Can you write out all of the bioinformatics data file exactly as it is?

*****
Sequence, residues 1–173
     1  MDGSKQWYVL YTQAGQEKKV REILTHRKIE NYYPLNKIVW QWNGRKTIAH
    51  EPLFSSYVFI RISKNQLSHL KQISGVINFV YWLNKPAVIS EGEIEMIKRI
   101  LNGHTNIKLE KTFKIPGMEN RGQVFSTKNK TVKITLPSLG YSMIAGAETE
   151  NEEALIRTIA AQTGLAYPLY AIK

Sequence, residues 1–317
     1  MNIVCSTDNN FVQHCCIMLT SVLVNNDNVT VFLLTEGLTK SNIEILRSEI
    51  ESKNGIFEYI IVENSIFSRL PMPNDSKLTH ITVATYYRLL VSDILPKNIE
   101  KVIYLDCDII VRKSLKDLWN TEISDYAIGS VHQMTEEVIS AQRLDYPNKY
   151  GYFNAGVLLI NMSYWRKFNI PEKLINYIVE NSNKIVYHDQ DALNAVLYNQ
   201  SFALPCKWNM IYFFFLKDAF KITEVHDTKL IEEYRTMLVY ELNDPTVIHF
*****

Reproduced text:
Sequence, residues 1–173
     1  MDGSKQWYVL YTQAGQEKKV REILTHRKIE NYYPLNKIVW QWNGRKTIAH
    51  EPLFSSYVFI RISKNQLSHL KQISGVINFV YWLNKPAVIS EGEIEMIKRI
   101  LNGHTNIKLE KTFKIPGMEN RGQVFSTKNK TVKITLPSLG YSMIAGAETE
   151  NEEALIRTIA AQTGLAYPLY AIK

Sequence, residues 1–317
     1  MNIVCSTDNN FVQHCCIMLT SVLVNNDNVT VFLLTEGLTK SNIEILRSEI
    51  ESKNGIFEYI IVENSIFSRL PMPNDSKLTH ITVATYYRLL VSDILPKNIE
   101  KVIYLDCDII VRKSLKDLWN TEISDYAIGS VHQMTEEVIS AQRLDYPNKY
   151  GYFNAGVLLI NMSYWRKFNI PEKLINYIVE NSNKIVYHDQ DALNAVLYNQ
   201  SFALPCKWNM IYFFFLKDAF KITEVHDTKL IEEYRTMLVY ELNDPTVIHF